AS often quoted, the Smith Commission Report in November 2014 says “nothing in this report prevents Scotland becoming an independent country in the future should the people of Scotland so choose”, and I firmly believe that the people of Scotland will choose to make Scotland an independent country.

How do we get to that point? We agitate from a position of strength in the polls, when support for independence is sustainably above 55%.

How do we get to that position? By not being meek, by being assertive.

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Instead of our support being steadily weakened by a barrage of hyperbolic criticism of the state of our NHS, we should go on the front foot at every opportunity, to proclaim the relative better state of our NHS, and care service, versus the rest of the UK. Similarly, we should constantly remind folks that in many ways our education system outperforms the rest of the UK.

In exchanges, our MPs and MSPs are too often caught with no riposte when a Unionist politician will throw in a barb about the state of our NHS or education, by way of a Parthian shot.

A rebuttal service would be of limited help when the repetition of spin against the performance of the Holyrood government is so persistent in delivery and coverage.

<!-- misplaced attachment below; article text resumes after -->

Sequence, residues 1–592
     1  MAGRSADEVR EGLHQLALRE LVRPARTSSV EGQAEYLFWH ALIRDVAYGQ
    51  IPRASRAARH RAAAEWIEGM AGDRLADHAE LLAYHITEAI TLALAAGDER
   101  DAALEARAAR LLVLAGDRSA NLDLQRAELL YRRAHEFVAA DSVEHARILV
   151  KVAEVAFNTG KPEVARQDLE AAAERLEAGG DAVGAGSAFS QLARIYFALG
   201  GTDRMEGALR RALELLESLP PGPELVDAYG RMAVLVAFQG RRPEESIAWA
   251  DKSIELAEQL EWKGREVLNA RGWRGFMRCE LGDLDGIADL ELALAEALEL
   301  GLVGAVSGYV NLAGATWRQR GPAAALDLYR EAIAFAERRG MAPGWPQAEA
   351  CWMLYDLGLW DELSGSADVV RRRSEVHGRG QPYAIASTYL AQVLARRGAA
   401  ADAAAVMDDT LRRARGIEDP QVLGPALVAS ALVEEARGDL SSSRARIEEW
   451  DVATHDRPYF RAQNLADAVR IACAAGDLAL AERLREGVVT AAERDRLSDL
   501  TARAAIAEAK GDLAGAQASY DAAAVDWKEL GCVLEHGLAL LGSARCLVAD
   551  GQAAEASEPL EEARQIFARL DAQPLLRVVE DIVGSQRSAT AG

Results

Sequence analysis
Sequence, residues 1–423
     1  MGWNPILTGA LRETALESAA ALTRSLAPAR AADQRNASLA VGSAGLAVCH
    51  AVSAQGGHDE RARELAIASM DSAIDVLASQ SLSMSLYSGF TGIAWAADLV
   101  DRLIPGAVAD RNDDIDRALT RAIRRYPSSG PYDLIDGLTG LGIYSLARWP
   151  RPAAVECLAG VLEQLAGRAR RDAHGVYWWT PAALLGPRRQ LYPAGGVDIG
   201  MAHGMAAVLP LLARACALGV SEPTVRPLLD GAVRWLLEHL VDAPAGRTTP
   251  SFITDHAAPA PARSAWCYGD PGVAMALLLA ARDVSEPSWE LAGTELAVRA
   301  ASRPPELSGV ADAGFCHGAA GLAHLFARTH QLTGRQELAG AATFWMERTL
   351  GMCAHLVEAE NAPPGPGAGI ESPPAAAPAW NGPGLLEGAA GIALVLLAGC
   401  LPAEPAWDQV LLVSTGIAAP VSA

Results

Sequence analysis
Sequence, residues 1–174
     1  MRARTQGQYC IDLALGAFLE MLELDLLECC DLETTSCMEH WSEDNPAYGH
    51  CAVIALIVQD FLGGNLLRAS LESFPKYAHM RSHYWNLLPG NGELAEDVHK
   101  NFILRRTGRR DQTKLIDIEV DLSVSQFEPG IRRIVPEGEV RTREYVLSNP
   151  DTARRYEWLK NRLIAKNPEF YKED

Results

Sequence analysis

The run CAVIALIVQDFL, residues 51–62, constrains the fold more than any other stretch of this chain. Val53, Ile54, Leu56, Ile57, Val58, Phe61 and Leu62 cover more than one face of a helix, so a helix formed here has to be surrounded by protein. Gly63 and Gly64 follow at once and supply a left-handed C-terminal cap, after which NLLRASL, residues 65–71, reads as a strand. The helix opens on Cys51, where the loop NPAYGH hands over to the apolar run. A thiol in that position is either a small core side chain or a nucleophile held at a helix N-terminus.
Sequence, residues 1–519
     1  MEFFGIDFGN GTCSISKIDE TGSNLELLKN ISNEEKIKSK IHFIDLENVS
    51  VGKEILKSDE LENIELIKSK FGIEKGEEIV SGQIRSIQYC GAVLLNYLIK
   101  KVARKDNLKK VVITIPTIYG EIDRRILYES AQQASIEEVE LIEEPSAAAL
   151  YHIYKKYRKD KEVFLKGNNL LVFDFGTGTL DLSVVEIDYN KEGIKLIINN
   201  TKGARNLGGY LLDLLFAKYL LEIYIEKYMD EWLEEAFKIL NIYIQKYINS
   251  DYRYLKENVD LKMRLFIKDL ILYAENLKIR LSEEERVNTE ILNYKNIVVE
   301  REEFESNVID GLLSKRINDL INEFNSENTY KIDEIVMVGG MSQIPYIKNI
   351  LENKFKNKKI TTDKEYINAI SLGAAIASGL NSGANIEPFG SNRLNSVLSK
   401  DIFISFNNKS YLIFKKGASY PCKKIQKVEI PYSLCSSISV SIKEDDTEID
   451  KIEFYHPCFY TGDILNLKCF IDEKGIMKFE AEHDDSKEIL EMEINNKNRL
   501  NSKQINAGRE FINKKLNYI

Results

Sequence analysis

No, we have to be getting our own positive messages out there, ad nauseam.

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The fact that most Unionists feel they are able freely to criticise our NHS, without sounding ridiculous, is because we have not identified Scotland’s NHS for what it is – the best-performing NHS in the UK.

The Scottish electorate consider the state of our economy to be an important issue. If concerns over the cost of living and over inequality were to be considered together with the economy, then we would be faced with clearly the most important issue, apart from maybe the NHS.

Brexit is a gift to our cause – don’t look that horse in its mouth! By persistently reminding the electorate of the damage caused to Scotland by Brexit, we can emphasise the attractions of an independent Scotland returning to the single market and freedom of movement: lower costs, better services, etc.

Ireland – what a bonus this presents. Little old Ireland, with a population less than Scotland, has contrived to achieve for its people a GDP per head of more than twice the UK average. Begorrah!

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That last fact should be sung from the rooftops of Holyrood, whenever there is any mention of the economy. When the realisation really sinks in – and I suspect it has started to – that the UK is a relative economic basket case compared to near neighbours, then watch those indy poll figures soar.

The forthcoming SNP convention does not inspire.

We need urgently to educate the electorate, as afore-mentioned, with a vigour and a persistence that Scotland’s sad state requires.

When the poll results rise to around 60% in favour of independence, we can expect huge crowds on the streets to clamour for a referendum.

Then how we approach the General Election will be irrelevant (it will anyway be a huge win for the indy parties), because Alistair Jack will be seeing his de facto “duck”.

Alan Adair

MY warmest thanks go to all the supporters of Scottish independence in the Netherlands (Dutch activists take to the Hague to march for Scottish independence,, May 28). We have lots of support from around the world and only Britain is against us achieving our goal.

Richard Wickenden